Treatment for Nocturia

Addressing nighttime voiding may be as simple as watching what you drink and when, or complex enough to need your physician's assistance.


Some common-sense strategies to try include:

  • Limiting fluid intake in the late afternoon and evening, especially after dinner (though be sure to drink enough water earlier in the day to stay properly hydrated). If you drink more than 6-8 cups per day, consider cutting back a bit temporarily to see if you sleep longer at night.

  • Avoiding coffee, tea, alcohol and carbonated beverages in the afternoon and evening

  • Elevating your legs after dinner to help with circulation

  • Using compression stockings if your legs tend to swell during the day

  • Engaging in regular physical activity such as an afternoon walk

  • Reducing dietary salt intake, especially late in the day

  • Using a bedside commode and/or night lights if needed to help reduce your risk of falling

  • Because nocturia occurs in about 50% of patients with sleep apnea, consider speaking with your physician to determine if this may be the cause of you waking at night to void.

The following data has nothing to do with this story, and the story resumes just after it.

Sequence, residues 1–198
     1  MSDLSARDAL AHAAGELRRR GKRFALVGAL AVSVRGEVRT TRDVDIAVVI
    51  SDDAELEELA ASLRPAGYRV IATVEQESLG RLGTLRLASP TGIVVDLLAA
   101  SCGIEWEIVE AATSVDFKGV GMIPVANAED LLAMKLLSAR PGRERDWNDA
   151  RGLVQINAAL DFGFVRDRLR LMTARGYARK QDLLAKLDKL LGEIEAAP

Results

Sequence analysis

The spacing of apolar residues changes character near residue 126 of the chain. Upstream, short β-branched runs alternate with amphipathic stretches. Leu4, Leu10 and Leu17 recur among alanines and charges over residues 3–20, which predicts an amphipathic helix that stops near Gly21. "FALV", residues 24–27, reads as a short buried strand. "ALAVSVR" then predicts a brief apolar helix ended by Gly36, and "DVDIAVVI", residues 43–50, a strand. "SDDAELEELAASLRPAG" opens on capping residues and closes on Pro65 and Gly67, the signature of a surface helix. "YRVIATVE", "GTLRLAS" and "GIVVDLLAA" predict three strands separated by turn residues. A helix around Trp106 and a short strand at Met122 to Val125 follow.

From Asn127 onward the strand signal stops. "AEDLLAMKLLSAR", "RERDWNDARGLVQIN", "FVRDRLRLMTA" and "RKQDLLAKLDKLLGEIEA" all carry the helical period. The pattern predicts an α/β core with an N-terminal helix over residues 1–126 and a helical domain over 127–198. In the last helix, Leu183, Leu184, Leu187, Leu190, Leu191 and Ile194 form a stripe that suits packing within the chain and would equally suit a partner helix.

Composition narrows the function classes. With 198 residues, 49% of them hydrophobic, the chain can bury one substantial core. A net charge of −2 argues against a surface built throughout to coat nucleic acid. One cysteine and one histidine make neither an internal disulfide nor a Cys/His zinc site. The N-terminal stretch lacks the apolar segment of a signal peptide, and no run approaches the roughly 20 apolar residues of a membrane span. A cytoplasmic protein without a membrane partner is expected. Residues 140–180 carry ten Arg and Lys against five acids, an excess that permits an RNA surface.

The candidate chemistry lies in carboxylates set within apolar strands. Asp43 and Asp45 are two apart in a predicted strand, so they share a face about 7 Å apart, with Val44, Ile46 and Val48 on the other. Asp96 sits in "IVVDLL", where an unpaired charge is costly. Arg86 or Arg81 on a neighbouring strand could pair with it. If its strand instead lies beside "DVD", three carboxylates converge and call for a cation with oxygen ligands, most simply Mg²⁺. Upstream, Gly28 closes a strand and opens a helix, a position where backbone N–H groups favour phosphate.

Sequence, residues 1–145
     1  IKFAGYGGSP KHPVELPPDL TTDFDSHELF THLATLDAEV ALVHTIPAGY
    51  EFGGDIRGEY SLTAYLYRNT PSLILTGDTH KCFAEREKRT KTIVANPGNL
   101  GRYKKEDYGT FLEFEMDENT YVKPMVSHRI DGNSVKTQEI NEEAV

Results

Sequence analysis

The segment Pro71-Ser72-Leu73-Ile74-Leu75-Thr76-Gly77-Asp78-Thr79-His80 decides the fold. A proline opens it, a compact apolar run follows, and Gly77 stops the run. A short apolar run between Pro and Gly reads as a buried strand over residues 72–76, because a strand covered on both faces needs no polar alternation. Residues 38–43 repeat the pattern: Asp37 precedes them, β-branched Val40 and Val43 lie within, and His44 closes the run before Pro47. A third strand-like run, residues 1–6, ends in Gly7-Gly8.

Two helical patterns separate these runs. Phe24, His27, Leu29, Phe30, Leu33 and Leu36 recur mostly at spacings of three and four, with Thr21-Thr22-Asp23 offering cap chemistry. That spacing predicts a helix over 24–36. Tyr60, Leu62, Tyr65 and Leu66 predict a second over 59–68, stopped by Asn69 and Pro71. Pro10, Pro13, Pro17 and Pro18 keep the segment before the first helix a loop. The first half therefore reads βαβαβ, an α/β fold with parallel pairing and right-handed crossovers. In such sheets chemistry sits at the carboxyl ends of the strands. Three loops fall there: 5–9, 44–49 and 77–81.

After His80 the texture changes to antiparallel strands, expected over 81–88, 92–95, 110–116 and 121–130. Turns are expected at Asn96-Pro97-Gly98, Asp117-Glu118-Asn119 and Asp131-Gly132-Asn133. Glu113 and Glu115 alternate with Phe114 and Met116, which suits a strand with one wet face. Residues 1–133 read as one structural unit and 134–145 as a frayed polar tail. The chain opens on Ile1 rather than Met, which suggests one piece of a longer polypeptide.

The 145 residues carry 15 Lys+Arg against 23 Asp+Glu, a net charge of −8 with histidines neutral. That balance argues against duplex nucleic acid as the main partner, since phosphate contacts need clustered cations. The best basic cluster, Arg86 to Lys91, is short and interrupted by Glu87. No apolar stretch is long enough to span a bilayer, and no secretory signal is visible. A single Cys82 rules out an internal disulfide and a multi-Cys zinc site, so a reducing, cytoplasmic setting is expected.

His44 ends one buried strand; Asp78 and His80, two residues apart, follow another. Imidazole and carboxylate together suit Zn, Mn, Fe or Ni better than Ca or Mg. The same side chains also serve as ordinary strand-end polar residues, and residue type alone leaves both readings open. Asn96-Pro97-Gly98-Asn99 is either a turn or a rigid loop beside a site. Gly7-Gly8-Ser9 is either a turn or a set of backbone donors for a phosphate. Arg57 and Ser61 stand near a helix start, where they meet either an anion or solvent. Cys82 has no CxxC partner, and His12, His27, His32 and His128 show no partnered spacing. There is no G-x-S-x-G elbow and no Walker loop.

Want additional tips? Download your free guide to my 4 top tips to keeping your bladder quiet at night and you asleep 😴 💤


→ Download Now: 4 Ways to Get Your Bladder to Sleep Through the Night [Free Tip Sheet]



(As always, it is important to check with your healthcare practitioner BEFORE starting any new program, especially if you have a serious health condition.)


Physical Therapy and Nocturia

If you've tried the simple measures above and in the free download and you're still waking to pee more than once per night, it's time to delve further into the cause of your nocturia. Your first stop is your physician. Your physician will help drill down to find the specific cause(s) of your nighttime voids, so you can get the right kind of targeted treatment.